Monday, September 06, 2010
It's a dangerous business, Frodo, stepping out your door....
After a summer that has seen a surprising amount of weather that's been truly unpleasant -- from our cool-and-rainy June to our incredibly hot-and-humid July -- we finally got a welcome taste of autumnal cool this weekend. Or, as I like to call it, "overalls weather". The highs were in the upper 50s and it was quite windy; and with The Daughter out of town with her grandparents, I took advantage of a perfect opportunity to venture out for once in overalls instead of shorts, look around my environs a bit and learn a little more about Orchard Park, the town I've called "home" for seven years now. This is, actually, one of my favorite pastimes.
So, yesterday, I went to Green Lake.
Green Lake is a small artificial lake in the southern part of town. It runs east-to-west, and is bordered on its northern shore by a park called Yates Park, which is the location for most of the big town festival-type events. (Except for July 4th fireworks -- it's too heavily wooded for those.) I've driven through Yates Park and along the north shore of Green Lake quite a few times, but I've never stopped to explore, until yesterday, when I learned, among other things, that in lieu of a town municipal swimming pool, Orchard Park has a swimming area in its lake.
I never knew this before. Why not? Who knows? But once again, it amazes me how many details about my own town have escaped me after a number of years living here.
Now, Green Lake is not very big. I'm not entirely sure on this point, but when comparing Green Lake on Google Maps to Thoreau's famous Walden Pond in Concord, MA, at the same level of resolution, Walden Pond looks substantially bigger. So with Green Lake, we're not talking about a juggernaut of a body of water. Just a pleasant artificial lake in the middle of a town.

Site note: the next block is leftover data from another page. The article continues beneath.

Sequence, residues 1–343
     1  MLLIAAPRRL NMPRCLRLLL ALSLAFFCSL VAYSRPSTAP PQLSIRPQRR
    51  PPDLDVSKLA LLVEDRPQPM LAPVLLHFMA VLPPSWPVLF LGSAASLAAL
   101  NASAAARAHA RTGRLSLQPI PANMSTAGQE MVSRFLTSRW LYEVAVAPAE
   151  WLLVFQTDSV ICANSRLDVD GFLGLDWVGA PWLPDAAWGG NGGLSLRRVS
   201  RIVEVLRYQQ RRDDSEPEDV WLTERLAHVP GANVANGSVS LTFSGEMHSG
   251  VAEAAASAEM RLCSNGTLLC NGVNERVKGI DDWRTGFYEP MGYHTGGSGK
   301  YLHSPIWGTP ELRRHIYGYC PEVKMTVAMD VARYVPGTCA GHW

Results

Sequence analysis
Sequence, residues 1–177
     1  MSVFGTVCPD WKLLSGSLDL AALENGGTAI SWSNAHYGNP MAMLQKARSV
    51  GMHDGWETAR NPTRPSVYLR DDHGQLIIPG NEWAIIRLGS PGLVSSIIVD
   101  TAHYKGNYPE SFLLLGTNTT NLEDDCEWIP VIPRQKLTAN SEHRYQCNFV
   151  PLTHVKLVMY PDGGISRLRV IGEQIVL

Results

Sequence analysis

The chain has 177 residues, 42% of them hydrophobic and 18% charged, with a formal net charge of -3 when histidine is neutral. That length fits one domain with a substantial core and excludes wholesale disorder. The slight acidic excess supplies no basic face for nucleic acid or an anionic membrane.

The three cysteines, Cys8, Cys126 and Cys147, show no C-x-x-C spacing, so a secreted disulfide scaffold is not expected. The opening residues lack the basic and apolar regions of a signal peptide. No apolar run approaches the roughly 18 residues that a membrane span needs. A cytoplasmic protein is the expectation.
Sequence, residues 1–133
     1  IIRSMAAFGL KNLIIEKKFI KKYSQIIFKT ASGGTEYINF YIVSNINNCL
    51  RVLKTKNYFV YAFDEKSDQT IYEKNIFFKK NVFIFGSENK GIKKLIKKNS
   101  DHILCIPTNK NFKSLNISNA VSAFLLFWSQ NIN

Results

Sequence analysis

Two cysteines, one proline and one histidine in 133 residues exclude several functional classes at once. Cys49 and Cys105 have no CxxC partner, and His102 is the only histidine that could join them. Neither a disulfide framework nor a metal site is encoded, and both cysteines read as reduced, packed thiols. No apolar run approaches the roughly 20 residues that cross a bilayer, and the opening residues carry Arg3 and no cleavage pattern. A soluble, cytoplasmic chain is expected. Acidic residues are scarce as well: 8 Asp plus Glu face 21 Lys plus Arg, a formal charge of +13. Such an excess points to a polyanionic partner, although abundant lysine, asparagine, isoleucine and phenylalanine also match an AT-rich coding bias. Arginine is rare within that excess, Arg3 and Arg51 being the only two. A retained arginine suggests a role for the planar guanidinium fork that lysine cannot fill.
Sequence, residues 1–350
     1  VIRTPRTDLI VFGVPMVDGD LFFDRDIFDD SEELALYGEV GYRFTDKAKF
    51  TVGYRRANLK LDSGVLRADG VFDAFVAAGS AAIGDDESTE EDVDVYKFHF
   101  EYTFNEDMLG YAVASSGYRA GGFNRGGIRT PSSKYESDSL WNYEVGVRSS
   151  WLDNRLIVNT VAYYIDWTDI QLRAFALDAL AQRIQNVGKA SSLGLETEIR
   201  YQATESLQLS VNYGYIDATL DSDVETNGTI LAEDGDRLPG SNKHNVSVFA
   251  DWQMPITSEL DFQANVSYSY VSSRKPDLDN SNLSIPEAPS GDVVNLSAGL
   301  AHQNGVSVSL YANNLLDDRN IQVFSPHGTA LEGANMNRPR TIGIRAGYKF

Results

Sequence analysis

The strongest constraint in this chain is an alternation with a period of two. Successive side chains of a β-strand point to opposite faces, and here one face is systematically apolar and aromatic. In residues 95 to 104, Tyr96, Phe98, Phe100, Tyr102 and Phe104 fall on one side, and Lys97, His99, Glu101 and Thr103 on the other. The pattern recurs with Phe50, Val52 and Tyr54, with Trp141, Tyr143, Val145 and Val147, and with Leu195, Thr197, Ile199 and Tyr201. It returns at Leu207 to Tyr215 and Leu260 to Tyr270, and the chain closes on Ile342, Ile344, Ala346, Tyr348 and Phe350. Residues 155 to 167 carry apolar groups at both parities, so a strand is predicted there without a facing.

After I parked and got out to walk, I headed for an overlook that's caught my eye several times when driving by. But I was instead captivated by the dam that creates the lake, and the stream that the dam blocks and which spills over the dam on its way through to Lake Erie. The dam isn't big, at all, and its back side is not a sharp drop but a long, gentle decline away from the lake to the bottom of a ravine where the stream bed lies.
The water runs down a slope of concrete that ends after about twenty or thirty feet, and then returns to a very rocky stream bed:
Actually, I suspect that those rocks were placed there and not part of the original stream bed. They seemed rather "artfully arranged" to my eyes.
At the bottom, there's a small waterfall which spills into a pool. The water was pretty green and sufficiently murky that I couldn't discern the depth of the pool there:
I suppose it's probably no more than a couple of feet, which is a shame; I'd love to find a nice secluded swimming hole around here one of these years. Anyway, after the waterfall (I'm being generous here, really -- the water falls no more than four feet), the stream babbles on and down, into what looks like a deep forest.
The illusion was spoiled, a bit, by the bits of trash along the stream bed (not much, but enough -- a few empty water bottles, a scrap of newspaper) and the graffiti on the trees. Yes, graffiti on the trees. Who knows.
More than that, though, I knew that civilization actually picks up not far beyond that deceptive-looking forest into which the stream flows, and when I got home and checked the stream's course on Google Maps, I discovered that this stream is the very one I often cross when driving to the nearest giant suburban shopping region (McKinley Mall). And the stream runs just beyond the property line of Ralph Wilson Stadium, on the "tunnel end" of the stadium. Eventually the stream joins another and flows through the harsh kinda-sorta wastelands of the old steel mill regions before emptying into Lake Erie.
Still, it was a lovely place to find, this small piece of nature in the middle of boring old suburbia.
And Yates Park itself seems like a nice place -- it has swings...
...and cute little gazebos. Who doesn't love a cute little gazebo?
Communists, that's who. Seriously. Look at photographs of old Moscow during the Cold War. You know what you don't see there? Cute little gazebos. Tell me I'm wrong!